Two of the tribes – Issachar and Zebulun – got blessings from Jacob that were connected and complementary. Zebulun was blessed with a skill for maritime trade: “Zebulun will dwell on the coast of the seas; he [will be] at the harbor of the ships, and his boundary will be at Zidon” (Genesis 49, 13). And Issachar was blessed with the ability to withstand carrying heavy loads: “Issachar is a bony donkey, lying between the boundaries… and he bent his shoulder to bear [burdens]…” (Ibid Ibid, 14 – 15). Our sages explained that this was not a physical burden but rather a spiritual one, carrying the yoke of the Torah: “…for Zebulun would engage in commerce and provide food for the tribe of Issachar, and they (the tribe of Issachar) would engage in (the study of) Torah” (Rashi). Meaning, Zebulun would support Issachar who dedicated his life to the study of Torah.
This begs an explanation since we know a person cannot pay another to keep commandments for him. Can you imagine someone paying his friend to put tefillin on for him, or to make kiddush on Shabbat for him? Of course not. So how is learning Torah different? Why is it enough for the tribe of Zebulun to support the tribe of Issachar? Furthermore, since Torah learning is required of each person to shape his personality, how could the tribe of Zebulun be exempt from it?
Actually, the sages did not mean to say that the tribe of Zebulun was exempt from the commandment to learn Torah. Like every Jew, they also had to learn Torah every day. A Jew cannot live a spiritual life with G-d at its center without learning Torah. We learn Torah not only because we are commanded to do so, but also because we are aware of its tremendous power to change and repair our ways. Even the tribe of Zebulun learned Torah.
But there is another facet to Torah learning that is national rather than personal. In addition to individuals learning Torah, the entire nation has a national obligation to learn Torah and raise people who will serve as the intellectual layer of G-d worshippers, teachers of halacha (Jewish law) and spiritual leaders. This is the entire nation’s commandment. Every Jew must fulfill it, either by dedicating his life to learning Torah and teaching, or by supporting someone learning Torah for the benefit of the entire nation.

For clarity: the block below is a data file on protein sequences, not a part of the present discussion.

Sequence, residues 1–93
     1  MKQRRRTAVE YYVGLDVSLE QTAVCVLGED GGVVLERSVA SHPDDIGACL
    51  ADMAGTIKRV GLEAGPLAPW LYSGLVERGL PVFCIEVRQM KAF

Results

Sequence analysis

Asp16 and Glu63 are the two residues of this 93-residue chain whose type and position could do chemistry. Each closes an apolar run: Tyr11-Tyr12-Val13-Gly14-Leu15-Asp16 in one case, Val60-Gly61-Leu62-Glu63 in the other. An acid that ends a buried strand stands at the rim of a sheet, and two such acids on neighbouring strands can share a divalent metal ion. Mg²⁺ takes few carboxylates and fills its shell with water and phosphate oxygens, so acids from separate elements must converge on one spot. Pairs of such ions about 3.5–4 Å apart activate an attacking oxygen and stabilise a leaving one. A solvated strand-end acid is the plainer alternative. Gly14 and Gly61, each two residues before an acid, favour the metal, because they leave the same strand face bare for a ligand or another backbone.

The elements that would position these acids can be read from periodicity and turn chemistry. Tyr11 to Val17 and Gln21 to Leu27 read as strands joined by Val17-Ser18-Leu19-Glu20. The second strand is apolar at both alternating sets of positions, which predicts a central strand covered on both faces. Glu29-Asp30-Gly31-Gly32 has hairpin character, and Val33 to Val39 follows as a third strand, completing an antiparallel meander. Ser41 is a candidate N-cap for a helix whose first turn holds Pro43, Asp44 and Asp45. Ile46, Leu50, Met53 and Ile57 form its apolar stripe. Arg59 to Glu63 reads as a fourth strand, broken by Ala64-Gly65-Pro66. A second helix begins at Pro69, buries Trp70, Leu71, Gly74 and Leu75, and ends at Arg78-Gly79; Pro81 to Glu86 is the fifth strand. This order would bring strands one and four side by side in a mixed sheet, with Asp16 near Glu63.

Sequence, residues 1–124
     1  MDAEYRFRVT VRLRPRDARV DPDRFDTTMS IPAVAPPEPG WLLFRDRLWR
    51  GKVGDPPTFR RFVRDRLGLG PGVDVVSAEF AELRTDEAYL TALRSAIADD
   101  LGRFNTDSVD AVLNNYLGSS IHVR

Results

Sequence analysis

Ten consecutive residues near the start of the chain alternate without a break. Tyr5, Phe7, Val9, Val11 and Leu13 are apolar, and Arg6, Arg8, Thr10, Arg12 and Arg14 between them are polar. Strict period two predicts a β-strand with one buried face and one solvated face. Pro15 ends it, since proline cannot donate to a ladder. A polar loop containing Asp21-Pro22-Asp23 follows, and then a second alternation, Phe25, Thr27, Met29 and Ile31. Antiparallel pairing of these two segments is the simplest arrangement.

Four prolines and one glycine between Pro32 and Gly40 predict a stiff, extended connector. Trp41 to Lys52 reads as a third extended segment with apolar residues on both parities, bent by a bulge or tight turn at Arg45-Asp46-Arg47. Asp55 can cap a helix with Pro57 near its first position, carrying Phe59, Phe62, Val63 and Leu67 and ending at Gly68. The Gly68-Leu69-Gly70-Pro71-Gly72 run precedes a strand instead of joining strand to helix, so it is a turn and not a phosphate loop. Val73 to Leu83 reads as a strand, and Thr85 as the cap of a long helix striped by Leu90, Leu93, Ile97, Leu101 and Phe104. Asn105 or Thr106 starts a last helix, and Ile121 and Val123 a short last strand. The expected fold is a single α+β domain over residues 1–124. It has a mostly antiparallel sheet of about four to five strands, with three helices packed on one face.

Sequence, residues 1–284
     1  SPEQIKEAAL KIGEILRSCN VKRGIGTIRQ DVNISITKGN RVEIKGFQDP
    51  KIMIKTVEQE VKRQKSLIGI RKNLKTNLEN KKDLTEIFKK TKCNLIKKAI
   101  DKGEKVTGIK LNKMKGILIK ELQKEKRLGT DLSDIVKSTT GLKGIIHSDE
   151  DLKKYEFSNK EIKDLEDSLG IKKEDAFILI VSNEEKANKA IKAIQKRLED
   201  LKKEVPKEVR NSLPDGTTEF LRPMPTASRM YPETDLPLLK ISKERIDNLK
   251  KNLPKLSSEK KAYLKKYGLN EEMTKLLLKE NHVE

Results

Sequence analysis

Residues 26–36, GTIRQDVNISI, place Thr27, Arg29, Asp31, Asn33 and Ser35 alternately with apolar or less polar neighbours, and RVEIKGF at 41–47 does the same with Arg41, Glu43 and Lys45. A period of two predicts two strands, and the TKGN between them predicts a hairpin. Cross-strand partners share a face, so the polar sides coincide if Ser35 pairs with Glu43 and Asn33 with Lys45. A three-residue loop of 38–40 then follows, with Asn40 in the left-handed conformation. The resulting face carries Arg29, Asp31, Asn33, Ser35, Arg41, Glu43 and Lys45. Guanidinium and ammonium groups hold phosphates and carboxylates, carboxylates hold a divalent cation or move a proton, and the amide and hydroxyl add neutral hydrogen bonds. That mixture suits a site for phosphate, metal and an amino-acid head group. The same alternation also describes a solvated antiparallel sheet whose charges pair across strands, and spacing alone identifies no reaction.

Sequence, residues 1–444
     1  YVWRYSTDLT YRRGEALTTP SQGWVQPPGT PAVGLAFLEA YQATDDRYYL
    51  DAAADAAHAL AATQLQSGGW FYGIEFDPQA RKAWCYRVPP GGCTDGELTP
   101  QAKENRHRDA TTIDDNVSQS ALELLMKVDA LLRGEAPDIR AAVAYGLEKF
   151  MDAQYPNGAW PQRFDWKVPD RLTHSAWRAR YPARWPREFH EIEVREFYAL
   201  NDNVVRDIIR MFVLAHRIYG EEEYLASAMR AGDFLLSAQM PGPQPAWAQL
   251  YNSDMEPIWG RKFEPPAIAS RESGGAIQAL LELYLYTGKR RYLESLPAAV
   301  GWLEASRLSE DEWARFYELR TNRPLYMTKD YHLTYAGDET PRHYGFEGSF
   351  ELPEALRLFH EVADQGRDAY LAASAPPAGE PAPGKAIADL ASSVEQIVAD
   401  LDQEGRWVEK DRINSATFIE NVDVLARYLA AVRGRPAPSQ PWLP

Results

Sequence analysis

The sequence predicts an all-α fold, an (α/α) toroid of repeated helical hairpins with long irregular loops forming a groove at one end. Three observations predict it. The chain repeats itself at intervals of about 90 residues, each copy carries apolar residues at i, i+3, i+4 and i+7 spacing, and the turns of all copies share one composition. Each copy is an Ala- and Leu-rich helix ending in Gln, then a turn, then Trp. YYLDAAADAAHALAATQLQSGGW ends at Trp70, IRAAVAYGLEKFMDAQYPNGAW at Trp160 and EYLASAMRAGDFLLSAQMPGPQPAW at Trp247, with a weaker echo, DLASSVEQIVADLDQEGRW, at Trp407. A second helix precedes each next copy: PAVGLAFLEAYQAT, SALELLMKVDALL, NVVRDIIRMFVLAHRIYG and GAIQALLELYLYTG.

A national mission cannot be carried out by the entire nation. Every person has different and unique talents and there is no reason to expect everyone to carry out identical missions. Every Jew does his job, one that suits his talents and abilities, and together – when each person does his best to fulfill his own personal role – we create a nation on the foundations of Torah.
When there is no expectation of everyone to behave identically, social tensions are also reduced. Every group, every tribe, and every person understands that one person’s job is not necessarily another person’s. My mission is not his so there is no reason to be angry at someone who is devotedly fulfilling his own special mission. The twelve tribes were different from one another. They were not expected to be similar, let alone identical. But they were all required to follow the path of Torah, the path of G-d, to live a life of loving-kindness and justice. When this is understood, love and solidarity can exist, with each tribe and each group contributing its own unique contribution to the building of the entire nation.